Slashdot is powered by your submissions, so send in your scoop


Forgot your password?
DEAL: For $25 - Add A Second Phone Number To Your Smartphone for life! Use promo code SLASHDOT25. Also, Slashdot's Facebook page has a chat bot now. Message it for stories and more. Check out the new SourceForge HTML5 Internet speed test! ×
The Military

Submission + - German City Evacuated for WWII Bomb Removal 2

Hugh Pickens writes writes: "In the largest bomb-related evacuation in Germany's post-war history, life has come to a standstill in the German city of Koblenz, where 45,000 people — nearly half of the citys population — have been evacuated after the discovery of three bombs that were dropped by American and British warplanes in the last years of World War II. "Its the largest German evacuation since the end of the war," says fire brigade spokesman Ronald Eppelsheim. The largest of the explosives is a 1.8-ton British air bomb that has the potential to destroy the citys center but the focus of attention isn't on the largest bomb — it's on the much smaller, 125-kilogram American high-explosive bomb. "This one has been transformed on impact of the earth. We might have some serious problems deactivating the detonator," says bomb-disposal squad member Jurgen Wagner. The deactivation of bombs is a common practice in Germany. Last year, a bomb exploded in the German town Gottingen — killing three members of a bomb-disposal squad."

Submission + - TV isn't broken, so why fix it? ( 3

PolygamousRanchKid writes: The technology industry is absolutely bent on reinventing television. ccording to Walter Isaacson's biography of Steve Jobs, one of his last big accomplishments was figuring out how to make a better TV. Apple isn't alone. Google just released the second version of its Internet-meets-TV software, Google TV. Microsoft is also getting into the act again, after countless failed attempts stretching back almost two decades. (Remember WebTV?)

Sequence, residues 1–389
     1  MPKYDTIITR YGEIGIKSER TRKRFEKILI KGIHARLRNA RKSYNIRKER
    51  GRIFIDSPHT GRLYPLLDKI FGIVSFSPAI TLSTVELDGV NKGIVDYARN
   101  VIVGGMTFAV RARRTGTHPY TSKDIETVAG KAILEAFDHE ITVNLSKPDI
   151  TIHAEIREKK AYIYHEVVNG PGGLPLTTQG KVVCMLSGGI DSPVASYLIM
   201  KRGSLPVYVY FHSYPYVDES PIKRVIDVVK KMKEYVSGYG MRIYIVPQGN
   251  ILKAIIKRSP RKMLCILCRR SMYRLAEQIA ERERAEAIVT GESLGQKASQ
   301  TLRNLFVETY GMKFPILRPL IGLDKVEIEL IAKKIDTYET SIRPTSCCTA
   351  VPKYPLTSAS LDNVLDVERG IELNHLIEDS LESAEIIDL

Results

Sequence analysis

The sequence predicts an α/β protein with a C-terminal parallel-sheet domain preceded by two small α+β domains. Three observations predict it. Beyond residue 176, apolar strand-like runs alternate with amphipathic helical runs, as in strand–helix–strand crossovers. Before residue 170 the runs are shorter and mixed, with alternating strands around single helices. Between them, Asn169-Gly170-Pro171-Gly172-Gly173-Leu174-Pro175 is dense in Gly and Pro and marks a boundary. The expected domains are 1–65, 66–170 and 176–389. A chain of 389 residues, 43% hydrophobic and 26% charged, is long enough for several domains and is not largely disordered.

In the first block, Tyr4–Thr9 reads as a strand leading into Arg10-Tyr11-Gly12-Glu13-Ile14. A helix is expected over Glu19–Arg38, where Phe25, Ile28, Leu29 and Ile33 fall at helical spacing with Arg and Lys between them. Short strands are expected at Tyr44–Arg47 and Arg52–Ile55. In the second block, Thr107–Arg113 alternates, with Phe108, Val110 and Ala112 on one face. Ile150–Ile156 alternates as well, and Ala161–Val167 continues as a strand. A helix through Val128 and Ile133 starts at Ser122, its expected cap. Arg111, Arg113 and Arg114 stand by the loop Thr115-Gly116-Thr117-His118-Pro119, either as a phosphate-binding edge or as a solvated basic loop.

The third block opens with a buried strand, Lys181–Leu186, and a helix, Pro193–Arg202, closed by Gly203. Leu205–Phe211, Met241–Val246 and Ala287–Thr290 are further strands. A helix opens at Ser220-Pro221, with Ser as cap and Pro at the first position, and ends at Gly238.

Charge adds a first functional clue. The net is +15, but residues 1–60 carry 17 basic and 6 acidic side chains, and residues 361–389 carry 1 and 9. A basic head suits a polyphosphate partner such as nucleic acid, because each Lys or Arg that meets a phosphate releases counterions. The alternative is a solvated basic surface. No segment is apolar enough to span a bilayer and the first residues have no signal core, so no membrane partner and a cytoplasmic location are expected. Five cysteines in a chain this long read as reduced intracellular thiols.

But nobody seems to be able to answer the big question: what exactly is so broken about TV anyway?

The tech industry is filled with engineers and geeks. They naturally want to optimize the TV experience, to make it as efficient and elegant as possible, requiring the fewest number of steps to complete a particular task while offering the greatest number of amazing new features. But normal people don't think about TV that way. TV is passive. The last thing we want to do is work at it. As long as there's something on — anything — that is reasonably engaging, we're cool. Most of us are even OK spending a few minutes just shuffling through channels at random.

Comment Re:Good (Score 0) 299

Personally I have never heard of a Tea Party Member advocate the destruction of Muslims as a whole. Also. It might make you look a little less immature if you did not reflexively call them "Teabaggers". Just because a group of people who value personal freedom over massive government makes you uncomfortable is no reason to resort to petty name calling. You can disagree. Though I doubt that if there is a winning argument, you are in possession of it.

IIRC, the tea party people were calling themselves teabaggers initially.

Slashdot Top Deals

For every complex problem, there is a solution that is simple, neat, and wrong. -- H. L. Mencken